‘Lady Buds’ Documentary Screening Helps CA Lawmakers Learn Impact of Cannabis Legalization

a woman with black hair and a pink baseball hat trimming a vibrant green cannabis plant on an outdoor farm there is a hilly forest in the background
Photo: Lady Buds

Sacramento, Calif. — Origins Council, a California nonprofit organization which advocates on behalf of legacy cannabis cultivators from historic cannabis producing regions, today announced a screening and discussion of the documentary film ‘Lady Buds‘ directed by Chris J. Russo at Sacramento’s historic Crest Theater on Monday, April 25. Featuring the stories of six courageous female cannabis crusaders, ‘Lady Buds’ follows the women as they attempt to transition their businesses and ambitions from the relatively simple world of the Proposition 215 medical cannabis era to the highly regimented commercial cannabis industry fomented by the passage of Proposition 64. California Senator John Laird and Assemblymembers Mia Bonta and Wood co-host this important event. The public is welcome to attend the panel discussion, film screening, and post-film Q&A.

California lawmakers and regulators, Origins Council members, and ‘Lady Buds’ subjects FELICIA CARBAJAL and CHIAH RODRIGUES will join Origins Council executive director GENINE COLEMAN and Lady Buds producer MICHAEL KATZ for a screening of this award-winning 2021 film as well as a lively discussion of the issues it raises around California’s bumpy road towards a compliant cannabis industry. The event also provides an opportunity to highlight some of the necessary and meaningful industry reforms the legislature will be considering this year, including proposals to eliminate the cultivation tax, provide limited opportunity direct to consumer special event sales, establish a framework for interstate commerce, and move the conversation forward on licensing reforms that are desperately needed.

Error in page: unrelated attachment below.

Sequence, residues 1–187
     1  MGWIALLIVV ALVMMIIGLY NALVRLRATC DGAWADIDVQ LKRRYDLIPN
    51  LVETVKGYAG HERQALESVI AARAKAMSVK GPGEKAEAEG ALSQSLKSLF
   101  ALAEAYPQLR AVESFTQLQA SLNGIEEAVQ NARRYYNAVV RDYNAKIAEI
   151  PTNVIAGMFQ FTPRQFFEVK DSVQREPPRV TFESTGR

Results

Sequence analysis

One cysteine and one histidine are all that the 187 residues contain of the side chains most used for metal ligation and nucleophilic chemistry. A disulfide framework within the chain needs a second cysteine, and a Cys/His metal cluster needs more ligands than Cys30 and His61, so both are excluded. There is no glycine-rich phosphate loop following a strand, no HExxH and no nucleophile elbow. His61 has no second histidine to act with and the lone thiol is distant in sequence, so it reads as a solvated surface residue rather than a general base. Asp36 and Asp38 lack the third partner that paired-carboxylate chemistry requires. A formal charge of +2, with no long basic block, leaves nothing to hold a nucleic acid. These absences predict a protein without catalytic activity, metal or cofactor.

“’Lady Buds’ is both a joyous and difficult film to watch because you are rooting so strongly for the six women to succeed. For various reasons related to the vagaries and restrictions of the compliant cannabis industry here in California, each woman has a vastly different experience,” says Origins Council executive director Genine Coleman. “In that way, Lady Buds transcends the traditional documentary film model by providing a very clear explanation of the challenges on the path to success for all who wish to participate legally in our industry, whether by farming or selling or both.”

Legislative members and office staffers, members of the Governor’s administration, commercial cannabis regulators, and Origins Council members anticipate a frank discussion of the issues raised and examined by the film and the possibilities presented by various legislative proposals to be discussed in the days and weeks following the movie screening. No fewer than a dozen pieces of legislation will be heard in the coming weeks, including AB 2691 (Wood) and SB 1074 (McGuire), whose districts serve the heart of the cannabis industry’s famed Emerald Triangle, where the majority of Origins Council’s members live and work. Among others, these bills in particular which would allow for limited event direct-to-consumer sales and would eliminate the cultivation tax, respectively, and propose real and meaningful reforms to strengthen California’s small and independent cannabis producers and companies, as highlighted by the film.

“This event is a unique opportunity to educate and inform state policy makers on the realities facing small, legacy cannabis cultivators and independent non-cultivation cannabis businesses that are finding it more and more challenging to remain in the regulated industry,” Coleman says. “Prop. 64 promised to provide a pathway for existing operators to move into a new system of compliance, and Lady Buds provides unique insight into the results of those promises.”